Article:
There it is. That other 4-letter word that has become so popular of late – F-A-I-L. Too popular, in my opinion, as we all look at it as a positive thing these days. Hey, I’m not saying it’s not positive – I try not to judge these days – but I do believe it is merely a word. How we use it and how it helps us to be better is where its best use can be found. So today, I’m using it for good. My own good especially.
Here’s how Google defines fail: be unsuccessful in achieving one’s goal.
Language and its literal meaning is a standard and crucial part of my creative process, and I can’t believe it took me so long to apply it to my own project.
Ok, so being unsuccessful in achieving my goal is how I’m feeling today, the last day of my “Blogging for Fun and Profit” class. This website is my final project, and it is due by midnight tonight. Up until last night, I was doing what students often do: cramming, rushing, feeling anxious, and just plain freaking out. Until I paused, stepped away (I had dinner to make) and got a grip on my so-called sitch.
Why was I freaking out? I wasn’t sure. The one thing I knew was that I was making this bigger than it really was. I have a knack for doing that. Ah to be a creative… I had to come to grips with the core of the problem. I am afraid I will FAIL.
Ok, I can work with that. It’s my job in real life to find the core problem, and then set the path toward a solution. So I (finally) applied my own practices and process, which require, first and foremost, the need to pause. So that’s what I’m gonna do, in real-time.
Get Positive: Change how you’re seeing it.
Rarely does any good come from negative sentiment or energy. So, I gave my approach a 180° turn, and started to list things I didn’t have to worry about:
I was pretty much there as it related to the pieces my project had to have in order to pass:
- Branding and clear messaging to support: As a branding expert, I’d put a lot of thought into this up front, and was relatively happy with it.
- I only had one more blog post to write: Three down and one to go. They weren’t great, but they were a solid start and I was getting better with each one
- I had a decent user experience: It wasn’t what I’d deliver to a client, but I went with what was provided by WordPress, and I’d done it all myself.
- In 24 hours, I’d be able to move one: The pain I was feeling would pass once I hit this milestone. I know what the home stretch feels like, and I’m a master at it.
Huh, the mountain looks a lot more like a molehill now.
Get Perspective: Change your storyline
Now that I had a more positive outlook, It was important to shift my perspective and minimize the challenge I was perceiving. What were my initial goals? You know, the ones I’m terrified of not achieving? So I made a list of why I enrolled in the first place:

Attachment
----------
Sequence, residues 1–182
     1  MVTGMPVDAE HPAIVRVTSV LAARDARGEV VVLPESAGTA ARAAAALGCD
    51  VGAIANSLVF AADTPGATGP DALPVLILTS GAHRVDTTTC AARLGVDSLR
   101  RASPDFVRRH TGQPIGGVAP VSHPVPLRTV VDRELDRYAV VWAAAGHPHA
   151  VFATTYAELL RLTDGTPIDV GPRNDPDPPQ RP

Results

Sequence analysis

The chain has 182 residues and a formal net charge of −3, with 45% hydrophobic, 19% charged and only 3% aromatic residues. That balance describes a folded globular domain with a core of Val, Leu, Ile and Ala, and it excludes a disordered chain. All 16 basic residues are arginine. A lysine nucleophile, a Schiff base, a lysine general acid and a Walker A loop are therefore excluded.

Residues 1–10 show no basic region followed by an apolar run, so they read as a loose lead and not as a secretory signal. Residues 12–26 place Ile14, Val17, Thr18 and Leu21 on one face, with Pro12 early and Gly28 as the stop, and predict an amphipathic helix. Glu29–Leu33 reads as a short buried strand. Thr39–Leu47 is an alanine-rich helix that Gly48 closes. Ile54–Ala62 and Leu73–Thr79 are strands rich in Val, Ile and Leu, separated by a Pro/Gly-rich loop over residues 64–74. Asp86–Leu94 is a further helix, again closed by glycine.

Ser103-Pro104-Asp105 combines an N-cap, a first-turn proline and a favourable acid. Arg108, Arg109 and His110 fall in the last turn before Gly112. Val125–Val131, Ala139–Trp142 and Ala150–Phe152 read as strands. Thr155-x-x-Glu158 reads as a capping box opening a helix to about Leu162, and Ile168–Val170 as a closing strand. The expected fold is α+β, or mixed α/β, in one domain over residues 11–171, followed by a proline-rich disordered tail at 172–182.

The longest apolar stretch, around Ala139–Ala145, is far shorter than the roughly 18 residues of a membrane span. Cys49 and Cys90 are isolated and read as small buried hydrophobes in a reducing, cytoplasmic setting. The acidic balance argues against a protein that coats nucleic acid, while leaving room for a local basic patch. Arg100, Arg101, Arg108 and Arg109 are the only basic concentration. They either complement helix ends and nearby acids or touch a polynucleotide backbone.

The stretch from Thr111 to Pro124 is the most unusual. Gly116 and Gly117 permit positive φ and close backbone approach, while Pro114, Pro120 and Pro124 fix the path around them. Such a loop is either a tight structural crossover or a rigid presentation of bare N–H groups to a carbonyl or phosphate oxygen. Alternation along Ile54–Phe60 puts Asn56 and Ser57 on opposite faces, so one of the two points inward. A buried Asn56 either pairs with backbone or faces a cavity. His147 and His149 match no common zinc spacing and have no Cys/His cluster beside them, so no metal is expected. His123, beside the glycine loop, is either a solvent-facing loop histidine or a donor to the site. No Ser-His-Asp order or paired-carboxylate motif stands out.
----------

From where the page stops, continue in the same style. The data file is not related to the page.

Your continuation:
- To learn how to design and build a blog: Check!
- To hone my writing skills for the purpose of improving my storytelling ability: Check!
- To be the catalyst of restarting my career as a content creator, and marketable old guy: Oh, that’s a major check!
- To prove to myself that I could do it: I think you know my answer by this point… CHECK!
Well, I’m breathing normally again… Next!
Face the challenge(s): And get over it
Only now that I’d changed the energy I was putting toward this endeavour, could I revisit the negative with the goal of completely changing my perspective. I made a list of the things that were holding me back:
- It’s not good enough. Ok, so what? What IS good enough, considering this is my first crack at it, it works, and nothing is ever perfect. Over it.
- It isn’t what I’d envisioned. Envisioned when? When I knew zilch about the process of creating a blog? Is this even a fair comment? Nope. Over it.
- When it’s done and launched, I’m committed. CRAP! First of all, it’s a blog. It’ll never be done. I AM committed. This class has shown me what it takes to maintain a decent, if not successful blog. I know I’m committed, and the work has only just begun. Over it.
- This is hard! No shit Sherlock. When did I get so soft? I’m not soft, and especially with myself. Suck it up buttercup. Over it.
Ok, I’m all good. Let’s do this!
Get a plan: And Get Moving
Take a deep breath, get clear on what’s left to be done in order to be ‘good enough’ and make a plan – in 10 minutes or less. Time is of the essence, so here it is:
What I need to do to get this project done and handed in on time: (again, in real time people!)
- Write one more post. You’re lookin’ at it! It has taken me one hour. I’m getting faster at this
- Lay out and Publish this post. Design is my jam – 1 hour.
- Revise and edit all my posts and pages. Editing is my forte – 90 minutes
- Integrate with at least one Social Media outlet.
- My Instagram is ready to go, I’ve been posting regularly for the past 6 weeks.
- I just need to find out what I need to do with WordPress. Easy, I already started looking for the solution. There are many! I give myself 2 hours including 30 minutes with my teacher that I booked)
- Step away, then give it all one last QA. (Hey that rhymes)
- I will need to walk away from it for at least 1 hour, busy myself with something that clears my head, and switches me from writing mode to editing mode. 2 hours – one hour break, one hour to review. More than that means I’m messing with things I shouldn’t mess with.
- Send an email to my teacher with the link and thank her for all the knowledge she shared and how useful her class was. It’s amazing what we can overlook when in cram mode – 30 minutes.
Ok, so as of right now, I have 8 hours to get’er done. One working day. I can do that!
OMG, I feel sooooo relieved. Not only am I confident I can get this done, I can’t wait to get going on my plan.
Worst case scenario? Refer to title of this post.
If you’ll excuse me, I have some work to do.
No more pauses for me today.